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Ph.D Proposal by Jiwon Yeon

Name: Jiwon Yeon
Ph.D. Dissertation Proposal Meeting
Date: Thursday, September 24th, 2020
Time: 10:00am-12:00pm (EDT)
Location: meet.google.com/xjw-ekvm-wro

Advisor: Dobromir Rahnev, Ph.D. (Georgia Tech)

Dissertation Committee members:
Dobromir Rahnev, Ph.D. (Georgia Tech)
Thackery Brown, Ph.D. (Georgia Tech)
Audrey Duarte, Ph.D. (Georgia Tech)
Kobe Desender, Ph.D. (Ghent University)
Brian Odegaard, Ph.D. (University of Florida)

 

Title: Dissociating the brain regions involved in processing objective and subjective performance

 

Abstract: When making perceptual decisions, easier tasks produce higher task accuracy and, naturally, higher confidence levels. Although we recognize the two distinctive cognitive processes, and sometimes even we experience inconsistency between objective and subjective performance, it is challenging to judge exactly how objective and subjective performance affect different brain regions due to the foundational low of covarying human performance. Hence, previous studies that looked into the association between different brain areas with objective and subjective performance, have been unable to adjudicate which type of performance was responsible for the activations in which subregions of the brain. In the proposed fMRI study, I aim to reveal which brain regions are activated by objective and subjective performance, respectively. The experiment will present clouds of red and blue dots with different numbers. The task for subjects will be to determine which color of the dots was dominant and then to evaluate subjective confidence in their decision. The experiment is a 2 x 2 factorial design, with the two factors being task difficulty (i.e., easy and difficult conditions) and the total number of presented dots (i.e., high and low conditions). Similar visual stimuli were examined in our lab’s previous studies, where we found that the low number of dots condition reliably generated lower confidence level than the high number of dots condition. Using this phenomenon, it will be possible to find certain difficulty levels in which the low condition will produce lower subjective, but higher objective performance, compared to the high condition. Meanwhile, the easy condition will result in lower performance in both objective task accuracy and subjective confidence level compared to the difficult condition. Contrast test of the easy condition compared to the difficult condition will reveal brain regions that are associated with low subjective and objective performance. Similarly, contrast test of the low condition compared to the high condition will uncover the area related with low subjective, but high objective performance. Combinations of different contrast tests will demonstrate how the subjective and objective performance affects different brain regions, respectively. In addition to the contrast tests using simple general linear models, I will also analyze the data using multi-voxel pattern analysis to confirm the findings in the contrast tests. Decoding accuracy for distinguishing the performance level of the objective task accuracy and subjective confidence level in each activated brain region will be assessed. Finally, connectivity analyses will be used to examine how the flow of information between different parts of the brain relates to objective and subjective performance. I expect to find several subregions in the frontal cortex, including frontal eye field, dorsolateral prefrontal cortex, and anterior prefrontal cortex, showing dissociated activation for objective and subjective performance. Specifically, the anterior part of the frontal cortex will be mostly driven by subjective performance. The proposed study not only demonstrate separate brain regions associated specifically with objective and subjective performance, but will also establish a new experimental method to reliably distinguishing objective task accuracy and subjective confidence level.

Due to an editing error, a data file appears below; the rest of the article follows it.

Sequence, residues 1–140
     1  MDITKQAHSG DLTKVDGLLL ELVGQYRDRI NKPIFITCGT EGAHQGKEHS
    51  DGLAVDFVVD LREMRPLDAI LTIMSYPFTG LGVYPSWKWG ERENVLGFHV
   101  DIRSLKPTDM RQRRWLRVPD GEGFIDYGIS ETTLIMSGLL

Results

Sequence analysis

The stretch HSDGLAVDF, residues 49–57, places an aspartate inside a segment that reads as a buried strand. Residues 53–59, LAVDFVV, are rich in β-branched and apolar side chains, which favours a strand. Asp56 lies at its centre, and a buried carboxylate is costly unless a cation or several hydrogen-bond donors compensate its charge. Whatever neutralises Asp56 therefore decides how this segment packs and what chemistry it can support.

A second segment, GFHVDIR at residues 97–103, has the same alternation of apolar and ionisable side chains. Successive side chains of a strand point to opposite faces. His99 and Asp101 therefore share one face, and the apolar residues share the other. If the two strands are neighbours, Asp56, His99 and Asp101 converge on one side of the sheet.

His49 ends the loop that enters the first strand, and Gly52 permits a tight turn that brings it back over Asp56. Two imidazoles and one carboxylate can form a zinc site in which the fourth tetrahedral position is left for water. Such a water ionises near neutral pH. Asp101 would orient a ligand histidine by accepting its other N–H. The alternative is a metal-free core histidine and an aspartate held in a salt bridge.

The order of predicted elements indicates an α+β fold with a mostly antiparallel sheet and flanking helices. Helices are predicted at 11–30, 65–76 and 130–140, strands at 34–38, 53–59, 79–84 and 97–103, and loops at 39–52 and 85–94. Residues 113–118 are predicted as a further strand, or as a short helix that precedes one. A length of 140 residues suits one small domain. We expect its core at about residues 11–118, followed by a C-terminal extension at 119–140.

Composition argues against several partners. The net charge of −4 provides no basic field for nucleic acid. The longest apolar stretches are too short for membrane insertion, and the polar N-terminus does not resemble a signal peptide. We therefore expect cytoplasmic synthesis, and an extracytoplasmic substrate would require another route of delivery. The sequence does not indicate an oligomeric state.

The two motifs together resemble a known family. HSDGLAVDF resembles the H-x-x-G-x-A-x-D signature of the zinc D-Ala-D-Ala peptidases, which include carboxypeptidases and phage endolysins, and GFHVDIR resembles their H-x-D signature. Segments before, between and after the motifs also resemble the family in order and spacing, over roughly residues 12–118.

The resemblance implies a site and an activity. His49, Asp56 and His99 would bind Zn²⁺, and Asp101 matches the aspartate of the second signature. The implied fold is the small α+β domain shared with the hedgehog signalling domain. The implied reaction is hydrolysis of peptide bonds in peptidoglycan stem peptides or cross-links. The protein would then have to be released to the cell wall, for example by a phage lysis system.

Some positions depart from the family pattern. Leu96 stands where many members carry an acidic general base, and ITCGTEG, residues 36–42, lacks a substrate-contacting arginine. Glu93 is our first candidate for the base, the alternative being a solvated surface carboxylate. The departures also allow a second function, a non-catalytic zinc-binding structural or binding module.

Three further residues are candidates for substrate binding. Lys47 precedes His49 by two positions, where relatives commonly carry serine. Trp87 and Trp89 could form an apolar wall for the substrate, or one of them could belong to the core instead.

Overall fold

Event Details

Date/Time:

  • Thursday, September 24, 2020
    10:00 am - 12:00 pm
Location: REMOTE
URL: REMOTE

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